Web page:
4) There's a host of foreign policy things that I'll get into later, pretty much all of which are the "liberal" version of neo-conservatism with a slightly more sane person at the helm of it (though still, I'm not sure it's better to be bombed by a belligerent buffoon and his party stooges or a non-confrontational intellectual and his party stooges). But since our foreign policy was, for the most part, known to be not undergoing huge substantive changes in advance, I'll save that for another time. What these horrible liberals did manage to get into play are things like this instead: abstinence only education and what amounts to a continued ban on abortion, excepting extreme circumstances (and there's some for whom even that is unlikely to be legally acceptable) for low income people and families.

5) Whatever people might think of libertarians, one reason I come to the ideology is the idea that it offers the most potential freedoms for people who would otherwise be oppressed, and the maximum ability and flexibility of a society to help its downtrodden and suffering, even if it still requires public means to do so (because of externality and free rider problems). In every one of these instances, I may have been opposed on some general terms to the overall bills being discussed. I wasn't opposed to these specific ideas, and aside from the more general "federalism" objections, I haven't seen any libertarian blogger who was. I think birth control and abortion and living wills are and should be voluntary decisions that individuals can make. If we are to consider them as issues of conscience, then individuals should be free to exercise that conscience themselves through whatever means they see fit (be that reason, faith, some amalgamation of the two, whether it rains or not the day they make up their minds, whatever). For example, if it is someone's belief that they would be killing a human being to have an abortion, they don't have to get one and no state agency should require it of them or compel a woman carrying a fetus to get an abortion at the request of someone else. Baring some contract law issue that I've overlooked, I'm pretty sure that nobody can legally obligate someone to have a child or an abortion. But we do have legal challenges which make it near to impossible for a woman who wants or in some cases even needs to have an abortion to get one. This decision is not respected and given equal legal treatment despite abortion bans being thrown out in court over a generation ago.

One thing that should be considered however is the costs of not having this option as an exercise for people who would not make the same choices. If one is too poor to afford adequate insurance to cover an abortion (along with the various prenatal care expense), then that's likely a person who is probably too poor to afford a child relative to the costs that raising children impose. Along with being too poor for that, they're probably living in an area with broken schools and neighborhoods, making it an already adverse environment in which to bring up children successfully in the first place and this has all sorts of secondary effects (crime, substance abuse, unproductive labor/welfare, urban blight, name a social ill and it can be traced back to poverty). That all conspires to make it our costs publicly to care for the children that are produced when we restrict access to people making the choices themselves on when to have children, how best to raise them, and so on. People may look at the situation and say "well they made a decision and have to live with the consequences", and getting pregnant is a possible consequence of having sex. Though, since birth control is being restricted too, I'm still trying to figure out why mitigation of consequence isn't considered as a reasonable compromise to the problems and fervent debate surrounding abortion (I suspect in part this objection is religious, in which case I don't understand but I can respect it as a personal belief. But I also suspect that for some in this debate "poor people" is merely being used as a euphemism for "non-white"). The consequences of a pregnancy brought to term are not just paid by the mother, and father if present or paying some pittance to support the child. They are paid by people around them and by society at large. So if one is following this argument of "actions have consequences" to its logical conclusion, one would conclude that "not giving a shit about poor people's decisions and presuming that they should make the same ones as we who are more fortunate to have quality health insurance, a decent education paid for by others, and even basic access to these decisions, if we wish to exercise them or not" has consequences. That we need to start acknowledging.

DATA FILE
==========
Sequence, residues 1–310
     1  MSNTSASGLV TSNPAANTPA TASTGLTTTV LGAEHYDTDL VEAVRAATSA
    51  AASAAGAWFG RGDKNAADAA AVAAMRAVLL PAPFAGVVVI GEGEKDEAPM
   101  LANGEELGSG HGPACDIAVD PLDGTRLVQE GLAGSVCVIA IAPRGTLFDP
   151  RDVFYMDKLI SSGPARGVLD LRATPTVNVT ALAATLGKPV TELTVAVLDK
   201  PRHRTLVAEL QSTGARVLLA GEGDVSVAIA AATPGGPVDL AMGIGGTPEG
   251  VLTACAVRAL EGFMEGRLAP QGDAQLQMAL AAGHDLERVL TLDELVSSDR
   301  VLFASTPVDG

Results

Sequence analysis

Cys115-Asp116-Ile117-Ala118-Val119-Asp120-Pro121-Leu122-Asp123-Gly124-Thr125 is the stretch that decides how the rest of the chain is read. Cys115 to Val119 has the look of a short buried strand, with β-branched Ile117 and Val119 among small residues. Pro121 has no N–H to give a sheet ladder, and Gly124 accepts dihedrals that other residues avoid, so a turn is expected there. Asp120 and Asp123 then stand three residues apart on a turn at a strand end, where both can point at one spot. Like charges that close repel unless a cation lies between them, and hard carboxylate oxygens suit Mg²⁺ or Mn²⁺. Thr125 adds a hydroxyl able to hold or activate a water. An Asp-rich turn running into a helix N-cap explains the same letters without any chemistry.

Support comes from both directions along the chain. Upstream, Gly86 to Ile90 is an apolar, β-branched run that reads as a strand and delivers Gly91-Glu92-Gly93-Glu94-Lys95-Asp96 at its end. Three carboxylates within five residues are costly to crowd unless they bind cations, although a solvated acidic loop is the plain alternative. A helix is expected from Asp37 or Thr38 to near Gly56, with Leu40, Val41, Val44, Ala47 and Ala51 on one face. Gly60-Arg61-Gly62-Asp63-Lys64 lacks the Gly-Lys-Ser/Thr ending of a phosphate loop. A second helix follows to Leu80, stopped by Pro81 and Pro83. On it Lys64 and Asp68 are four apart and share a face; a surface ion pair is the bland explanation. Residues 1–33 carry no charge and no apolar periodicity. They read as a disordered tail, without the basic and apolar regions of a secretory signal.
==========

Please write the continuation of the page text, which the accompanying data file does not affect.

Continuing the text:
I cannot compel people to do something like "we're going to take your tax dollars and use them to pay for abortions for poor people". But I can also sniff out that we can already take our tax dollars and use them to pay for the concerns of people who are opposed to doing so, with minimal public benefits. Such as to subsidize parochial school supplies. In any case, I'm just finding it hard to square this notion that we're passing into a new age of hegemonic socialism with the things that are getting passed into law. They seem pretty much like the way things have always been done from my little outlier position in the political spectrum. Businesses still win. Markets still lose. Rich people still win. Poor people still screwed. And so on.